Mutual hatred among Jews is no longer a thing that one is ashamed to express publicly.
On the contrary, it has become almost fashionable.
It cuts through all sectors—a simple, all-inclusive, fundamental hatred, a hatred that does not even need self-justification.
It does not need to say, ‘I am better, and therefore the others are worse.’
Rather, it is a hatred based on the others being, by definition, bad.
There is no longer a need to call each other bad names.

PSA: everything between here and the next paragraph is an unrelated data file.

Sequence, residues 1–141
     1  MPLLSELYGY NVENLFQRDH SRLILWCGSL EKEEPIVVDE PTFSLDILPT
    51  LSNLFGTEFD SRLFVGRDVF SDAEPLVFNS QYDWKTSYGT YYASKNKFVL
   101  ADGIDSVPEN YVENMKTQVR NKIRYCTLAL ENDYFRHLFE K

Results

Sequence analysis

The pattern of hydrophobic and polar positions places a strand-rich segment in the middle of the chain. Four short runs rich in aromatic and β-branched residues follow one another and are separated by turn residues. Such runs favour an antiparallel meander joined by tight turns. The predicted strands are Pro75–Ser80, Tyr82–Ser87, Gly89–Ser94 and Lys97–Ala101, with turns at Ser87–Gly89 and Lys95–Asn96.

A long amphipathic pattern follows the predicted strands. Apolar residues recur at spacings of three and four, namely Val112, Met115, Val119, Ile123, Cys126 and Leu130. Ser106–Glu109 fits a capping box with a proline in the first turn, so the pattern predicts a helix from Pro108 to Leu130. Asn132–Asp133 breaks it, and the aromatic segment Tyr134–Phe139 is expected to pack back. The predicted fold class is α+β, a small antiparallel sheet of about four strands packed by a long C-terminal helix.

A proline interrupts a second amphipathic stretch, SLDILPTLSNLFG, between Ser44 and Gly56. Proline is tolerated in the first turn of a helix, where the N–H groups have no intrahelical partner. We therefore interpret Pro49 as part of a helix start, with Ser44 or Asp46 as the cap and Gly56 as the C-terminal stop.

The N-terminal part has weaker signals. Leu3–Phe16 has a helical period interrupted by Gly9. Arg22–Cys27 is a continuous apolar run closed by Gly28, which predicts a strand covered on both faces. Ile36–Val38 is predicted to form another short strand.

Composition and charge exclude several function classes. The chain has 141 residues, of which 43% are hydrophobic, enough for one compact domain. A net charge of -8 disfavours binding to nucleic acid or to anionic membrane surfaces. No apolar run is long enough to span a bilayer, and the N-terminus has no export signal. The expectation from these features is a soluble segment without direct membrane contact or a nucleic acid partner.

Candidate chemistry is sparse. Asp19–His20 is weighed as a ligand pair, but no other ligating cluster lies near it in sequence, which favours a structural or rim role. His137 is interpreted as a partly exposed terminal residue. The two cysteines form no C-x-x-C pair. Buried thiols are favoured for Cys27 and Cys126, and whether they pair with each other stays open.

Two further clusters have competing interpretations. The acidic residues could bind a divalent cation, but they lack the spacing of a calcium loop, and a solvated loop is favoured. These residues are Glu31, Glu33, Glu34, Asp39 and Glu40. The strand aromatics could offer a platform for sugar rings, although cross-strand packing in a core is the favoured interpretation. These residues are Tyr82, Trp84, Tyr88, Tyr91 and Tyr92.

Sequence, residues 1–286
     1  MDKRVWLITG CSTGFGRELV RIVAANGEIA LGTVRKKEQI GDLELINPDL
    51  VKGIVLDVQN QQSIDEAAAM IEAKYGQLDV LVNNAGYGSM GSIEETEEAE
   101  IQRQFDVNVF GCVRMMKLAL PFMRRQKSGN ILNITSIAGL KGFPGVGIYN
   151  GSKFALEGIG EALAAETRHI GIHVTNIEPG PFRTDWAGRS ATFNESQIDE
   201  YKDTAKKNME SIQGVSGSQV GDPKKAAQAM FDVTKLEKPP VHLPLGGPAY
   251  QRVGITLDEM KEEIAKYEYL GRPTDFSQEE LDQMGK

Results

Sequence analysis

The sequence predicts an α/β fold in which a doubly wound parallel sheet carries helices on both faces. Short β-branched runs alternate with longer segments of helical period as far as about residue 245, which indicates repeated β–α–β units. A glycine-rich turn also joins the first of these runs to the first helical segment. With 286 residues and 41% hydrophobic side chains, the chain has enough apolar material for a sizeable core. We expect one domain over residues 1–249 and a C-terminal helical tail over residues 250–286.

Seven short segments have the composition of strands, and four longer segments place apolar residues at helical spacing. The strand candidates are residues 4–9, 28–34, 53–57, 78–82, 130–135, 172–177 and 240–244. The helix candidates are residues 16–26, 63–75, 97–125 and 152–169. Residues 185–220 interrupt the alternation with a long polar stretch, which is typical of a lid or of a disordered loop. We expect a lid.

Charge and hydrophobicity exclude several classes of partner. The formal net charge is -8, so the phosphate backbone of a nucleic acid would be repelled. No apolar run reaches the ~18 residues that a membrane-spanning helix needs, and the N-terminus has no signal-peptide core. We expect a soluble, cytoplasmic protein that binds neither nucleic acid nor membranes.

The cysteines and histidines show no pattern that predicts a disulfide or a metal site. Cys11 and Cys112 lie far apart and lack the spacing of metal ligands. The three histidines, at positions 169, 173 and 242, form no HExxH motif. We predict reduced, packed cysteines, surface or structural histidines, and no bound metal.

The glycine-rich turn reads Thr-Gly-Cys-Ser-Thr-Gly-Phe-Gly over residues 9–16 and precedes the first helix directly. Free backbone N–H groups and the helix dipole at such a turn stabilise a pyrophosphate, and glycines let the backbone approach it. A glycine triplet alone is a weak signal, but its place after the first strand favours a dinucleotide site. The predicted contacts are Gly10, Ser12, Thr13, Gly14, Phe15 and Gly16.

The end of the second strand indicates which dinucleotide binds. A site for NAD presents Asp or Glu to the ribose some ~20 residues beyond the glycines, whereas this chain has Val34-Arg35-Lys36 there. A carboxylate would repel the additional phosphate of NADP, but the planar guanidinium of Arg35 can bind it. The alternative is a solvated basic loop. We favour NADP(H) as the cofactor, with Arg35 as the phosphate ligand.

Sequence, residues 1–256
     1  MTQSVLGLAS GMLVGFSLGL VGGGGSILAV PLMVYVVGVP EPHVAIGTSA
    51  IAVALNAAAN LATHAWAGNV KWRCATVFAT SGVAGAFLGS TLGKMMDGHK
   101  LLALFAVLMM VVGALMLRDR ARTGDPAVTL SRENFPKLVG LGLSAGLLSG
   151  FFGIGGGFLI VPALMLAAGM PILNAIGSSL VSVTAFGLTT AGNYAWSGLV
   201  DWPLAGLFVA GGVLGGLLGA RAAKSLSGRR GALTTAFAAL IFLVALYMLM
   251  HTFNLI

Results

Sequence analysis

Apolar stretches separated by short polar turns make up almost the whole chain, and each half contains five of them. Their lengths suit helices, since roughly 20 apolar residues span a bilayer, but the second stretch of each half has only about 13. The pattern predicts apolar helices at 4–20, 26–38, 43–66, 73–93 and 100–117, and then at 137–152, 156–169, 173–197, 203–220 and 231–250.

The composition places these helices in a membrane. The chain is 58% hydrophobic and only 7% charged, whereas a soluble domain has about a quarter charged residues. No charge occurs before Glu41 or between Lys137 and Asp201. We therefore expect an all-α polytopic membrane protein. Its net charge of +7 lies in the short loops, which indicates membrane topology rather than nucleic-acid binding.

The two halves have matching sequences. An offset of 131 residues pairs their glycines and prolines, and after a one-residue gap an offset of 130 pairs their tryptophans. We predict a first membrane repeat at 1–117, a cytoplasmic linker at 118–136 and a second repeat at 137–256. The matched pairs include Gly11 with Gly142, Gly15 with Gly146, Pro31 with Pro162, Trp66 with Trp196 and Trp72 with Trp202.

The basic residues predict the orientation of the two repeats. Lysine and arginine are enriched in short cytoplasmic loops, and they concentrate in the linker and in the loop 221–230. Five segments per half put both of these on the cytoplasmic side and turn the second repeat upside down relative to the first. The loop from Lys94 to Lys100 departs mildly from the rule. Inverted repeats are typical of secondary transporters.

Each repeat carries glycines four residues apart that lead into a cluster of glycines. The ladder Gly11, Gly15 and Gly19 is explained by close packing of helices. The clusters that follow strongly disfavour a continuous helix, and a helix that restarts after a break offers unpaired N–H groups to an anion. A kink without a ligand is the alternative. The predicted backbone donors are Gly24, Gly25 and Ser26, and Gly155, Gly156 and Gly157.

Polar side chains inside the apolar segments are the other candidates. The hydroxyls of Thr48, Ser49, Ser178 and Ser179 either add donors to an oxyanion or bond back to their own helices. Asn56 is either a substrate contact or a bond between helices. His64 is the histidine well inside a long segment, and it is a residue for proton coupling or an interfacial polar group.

One’s very label is enough of an insult: ‘settler,’ ‘haredi,’ ‘leftist,’—are there dirtier words than these?
So the words themselves become foul, and the people become defiled and loathsome in one another’s eyes.
It is this that I am trying to fight.
Surely not on my own, but also not with much company.”
–Rabbi Adin Steinsaltz
From “Is Ephraim a Dear Son to Me?” in A Dear Son to Me by Rabbi Adin Steinsaltz. Photo of Rabbi Steinsaltz by Michel Milman.